BRITAIN’s elite law firms failed to track the country’s improving economy and reported a combined turnover of £20.64bn, a one per cent drop in earnings from 2014.
Figures released by Legal Business magazine today show that the number of lawyers employed by the largest 100 firms in the UK, has also fallen, down two per cent to 64,024.
With the economy looking better and more ligation work available – especially a surge in mergers and acquisitions work – firms had hoped that things would pick up in 2015.
But while DLA Piper maintained its position as the UK’s largest law firm in terms of turnover it is no longer the world's largest firm, with revenue dropping four per cent to £1.5bn.
Other big City players Clifford Chance, Hogan Lovells and Ashurst also saw turnover fall, with Linklaters and Freshfields struggling to achieve any meaningful growth.
Legal Business editor-in-chief Alex Novarese told City A.M.: “It’s a bit of a mystery [why the magic circle firms have been hit].”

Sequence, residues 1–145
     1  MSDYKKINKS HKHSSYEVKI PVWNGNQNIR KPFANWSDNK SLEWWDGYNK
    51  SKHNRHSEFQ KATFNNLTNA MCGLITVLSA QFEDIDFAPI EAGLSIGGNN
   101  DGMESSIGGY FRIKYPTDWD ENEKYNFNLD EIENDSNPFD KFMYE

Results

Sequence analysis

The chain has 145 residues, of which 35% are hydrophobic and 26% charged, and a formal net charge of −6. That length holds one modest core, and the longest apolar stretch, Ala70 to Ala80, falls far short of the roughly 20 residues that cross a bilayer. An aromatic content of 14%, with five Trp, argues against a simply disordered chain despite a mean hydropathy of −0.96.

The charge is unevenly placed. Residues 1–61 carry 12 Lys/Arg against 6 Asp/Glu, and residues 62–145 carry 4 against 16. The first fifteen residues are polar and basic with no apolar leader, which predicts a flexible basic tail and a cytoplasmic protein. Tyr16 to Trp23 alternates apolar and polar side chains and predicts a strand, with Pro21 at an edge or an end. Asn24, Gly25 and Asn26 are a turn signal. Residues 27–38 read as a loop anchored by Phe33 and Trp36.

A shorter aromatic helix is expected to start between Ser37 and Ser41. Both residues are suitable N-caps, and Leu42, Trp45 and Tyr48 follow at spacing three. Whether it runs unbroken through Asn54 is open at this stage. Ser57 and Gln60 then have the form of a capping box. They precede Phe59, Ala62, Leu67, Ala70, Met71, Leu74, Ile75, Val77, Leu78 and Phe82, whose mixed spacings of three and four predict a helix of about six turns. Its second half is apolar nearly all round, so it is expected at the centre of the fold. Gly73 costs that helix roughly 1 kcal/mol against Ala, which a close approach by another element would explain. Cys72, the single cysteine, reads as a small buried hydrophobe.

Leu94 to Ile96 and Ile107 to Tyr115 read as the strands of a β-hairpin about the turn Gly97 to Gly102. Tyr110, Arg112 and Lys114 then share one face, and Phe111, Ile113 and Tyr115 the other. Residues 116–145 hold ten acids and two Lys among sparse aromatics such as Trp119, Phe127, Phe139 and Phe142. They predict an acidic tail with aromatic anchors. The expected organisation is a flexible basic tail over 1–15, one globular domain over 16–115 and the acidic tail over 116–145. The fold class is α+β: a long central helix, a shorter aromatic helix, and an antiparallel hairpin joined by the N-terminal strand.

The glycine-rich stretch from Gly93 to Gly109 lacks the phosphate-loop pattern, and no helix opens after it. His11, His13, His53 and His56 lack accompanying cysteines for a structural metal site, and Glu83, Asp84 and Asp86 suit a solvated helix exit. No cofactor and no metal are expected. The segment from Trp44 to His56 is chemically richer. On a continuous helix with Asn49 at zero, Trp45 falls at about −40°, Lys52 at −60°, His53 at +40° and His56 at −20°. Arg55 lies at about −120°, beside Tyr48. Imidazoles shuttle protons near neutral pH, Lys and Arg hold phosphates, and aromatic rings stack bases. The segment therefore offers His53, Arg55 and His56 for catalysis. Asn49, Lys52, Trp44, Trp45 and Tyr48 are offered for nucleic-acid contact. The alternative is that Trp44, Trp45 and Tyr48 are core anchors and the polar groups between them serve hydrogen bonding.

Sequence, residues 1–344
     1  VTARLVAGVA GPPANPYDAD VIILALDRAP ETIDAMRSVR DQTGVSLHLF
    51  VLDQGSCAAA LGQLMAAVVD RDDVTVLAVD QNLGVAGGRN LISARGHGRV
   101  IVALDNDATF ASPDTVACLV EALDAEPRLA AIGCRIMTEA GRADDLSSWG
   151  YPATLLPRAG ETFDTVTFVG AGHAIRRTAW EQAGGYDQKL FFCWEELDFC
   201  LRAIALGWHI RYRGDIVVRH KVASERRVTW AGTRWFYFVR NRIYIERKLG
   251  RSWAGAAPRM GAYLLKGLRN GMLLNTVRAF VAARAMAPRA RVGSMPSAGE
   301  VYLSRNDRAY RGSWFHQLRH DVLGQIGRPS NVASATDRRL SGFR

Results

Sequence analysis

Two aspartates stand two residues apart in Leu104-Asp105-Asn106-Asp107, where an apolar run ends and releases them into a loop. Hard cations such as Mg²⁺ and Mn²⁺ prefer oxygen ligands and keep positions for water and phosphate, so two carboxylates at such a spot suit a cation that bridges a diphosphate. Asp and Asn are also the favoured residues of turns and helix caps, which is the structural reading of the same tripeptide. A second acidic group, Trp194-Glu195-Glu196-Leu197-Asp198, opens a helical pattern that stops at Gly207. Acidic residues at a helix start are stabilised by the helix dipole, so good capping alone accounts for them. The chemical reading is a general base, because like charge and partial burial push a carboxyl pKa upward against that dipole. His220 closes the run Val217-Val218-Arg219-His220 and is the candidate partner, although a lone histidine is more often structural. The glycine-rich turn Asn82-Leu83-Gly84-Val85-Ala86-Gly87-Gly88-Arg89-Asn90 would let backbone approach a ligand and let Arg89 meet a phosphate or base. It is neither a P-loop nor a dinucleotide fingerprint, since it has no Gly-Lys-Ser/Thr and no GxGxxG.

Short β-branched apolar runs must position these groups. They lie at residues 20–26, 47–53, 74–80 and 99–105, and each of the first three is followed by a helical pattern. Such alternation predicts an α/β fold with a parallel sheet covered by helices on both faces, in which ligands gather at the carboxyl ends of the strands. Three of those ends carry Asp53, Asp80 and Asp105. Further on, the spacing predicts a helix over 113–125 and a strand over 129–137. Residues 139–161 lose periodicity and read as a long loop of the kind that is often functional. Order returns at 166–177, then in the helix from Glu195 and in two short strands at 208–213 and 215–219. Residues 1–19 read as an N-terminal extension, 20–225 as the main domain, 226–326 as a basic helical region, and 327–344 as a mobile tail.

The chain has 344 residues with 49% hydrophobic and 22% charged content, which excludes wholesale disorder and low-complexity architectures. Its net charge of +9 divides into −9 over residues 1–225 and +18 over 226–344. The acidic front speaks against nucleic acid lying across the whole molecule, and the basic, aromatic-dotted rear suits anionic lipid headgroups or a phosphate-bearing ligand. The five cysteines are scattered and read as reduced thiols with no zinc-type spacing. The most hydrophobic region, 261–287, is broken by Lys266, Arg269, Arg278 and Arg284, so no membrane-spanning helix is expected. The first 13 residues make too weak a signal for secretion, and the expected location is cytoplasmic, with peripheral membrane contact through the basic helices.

“The obvious thing is that American firms are dominating markets here, especially in global M&A,” he said. “US regulators are driving activity, but also American investors are being used for leveraged finance projects. M&A is being driven by American money.”
This all gives US giants an edge when securing business, and they continue to dominate the world leaderboard, clocking up five per cent growth and revenues up to £60.1bn ($92.87bn).
Novarese said: “London law firms have been struggling for five or six years now, but this year was meant to be the comeback year”. He added: “London firms were in the ascendency before 2008 [but] their American rivals were more successful at restructuring after the banking crisis. London firms are less nimble. They’re more corporate, and have a global outlook, which makes it harder to slim down. They still face real structural challenges.” None of the Magic Circle firms wanted to offer comment.